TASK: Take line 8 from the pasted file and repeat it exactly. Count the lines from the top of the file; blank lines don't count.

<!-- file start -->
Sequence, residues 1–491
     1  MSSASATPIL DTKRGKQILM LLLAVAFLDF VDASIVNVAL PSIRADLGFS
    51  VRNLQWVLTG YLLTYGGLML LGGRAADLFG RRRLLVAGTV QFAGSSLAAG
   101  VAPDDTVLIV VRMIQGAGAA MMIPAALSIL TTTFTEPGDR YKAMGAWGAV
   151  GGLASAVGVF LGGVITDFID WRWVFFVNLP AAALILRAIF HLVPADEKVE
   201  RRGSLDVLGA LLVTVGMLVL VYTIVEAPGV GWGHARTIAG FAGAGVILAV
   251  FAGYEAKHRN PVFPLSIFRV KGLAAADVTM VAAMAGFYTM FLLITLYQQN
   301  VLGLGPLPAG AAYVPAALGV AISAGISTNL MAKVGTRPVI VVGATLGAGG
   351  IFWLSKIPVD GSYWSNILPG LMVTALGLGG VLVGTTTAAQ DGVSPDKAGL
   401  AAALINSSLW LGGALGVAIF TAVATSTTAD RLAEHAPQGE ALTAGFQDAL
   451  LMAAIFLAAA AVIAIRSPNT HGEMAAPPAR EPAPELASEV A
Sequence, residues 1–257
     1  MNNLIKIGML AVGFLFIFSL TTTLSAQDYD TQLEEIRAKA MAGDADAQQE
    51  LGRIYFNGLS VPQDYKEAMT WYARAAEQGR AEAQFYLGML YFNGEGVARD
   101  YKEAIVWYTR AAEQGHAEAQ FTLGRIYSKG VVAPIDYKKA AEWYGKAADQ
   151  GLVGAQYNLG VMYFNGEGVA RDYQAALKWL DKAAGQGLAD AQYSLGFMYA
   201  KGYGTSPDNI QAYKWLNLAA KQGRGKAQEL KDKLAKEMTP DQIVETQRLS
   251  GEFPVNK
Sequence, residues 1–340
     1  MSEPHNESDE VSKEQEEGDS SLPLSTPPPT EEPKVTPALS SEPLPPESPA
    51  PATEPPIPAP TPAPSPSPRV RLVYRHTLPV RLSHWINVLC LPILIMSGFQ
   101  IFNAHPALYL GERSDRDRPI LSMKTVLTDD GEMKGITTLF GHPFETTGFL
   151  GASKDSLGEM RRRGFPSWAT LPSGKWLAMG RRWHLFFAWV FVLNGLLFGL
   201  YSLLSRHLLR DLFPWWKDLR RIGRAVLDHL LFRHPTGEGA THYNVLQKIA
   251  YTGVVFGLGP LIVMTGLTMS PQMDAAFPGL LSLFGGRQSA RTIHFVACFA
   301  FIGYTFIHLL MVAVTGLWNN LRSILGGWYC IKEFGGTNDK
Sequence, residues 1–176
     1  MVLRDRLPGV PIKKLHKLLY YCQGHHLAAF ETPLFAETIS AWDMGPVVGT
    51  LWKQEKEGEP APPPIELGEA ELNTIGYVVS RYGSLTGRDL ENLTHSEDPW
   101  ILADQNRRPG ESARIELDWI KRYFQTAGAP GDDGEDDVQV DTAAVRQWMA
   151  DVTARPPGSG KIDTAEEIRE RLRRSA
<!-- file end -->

   301  VLGLGPLPAG AAYVPAALGV AISAGISTNL MAKVGTRPVI VVGATLGAGG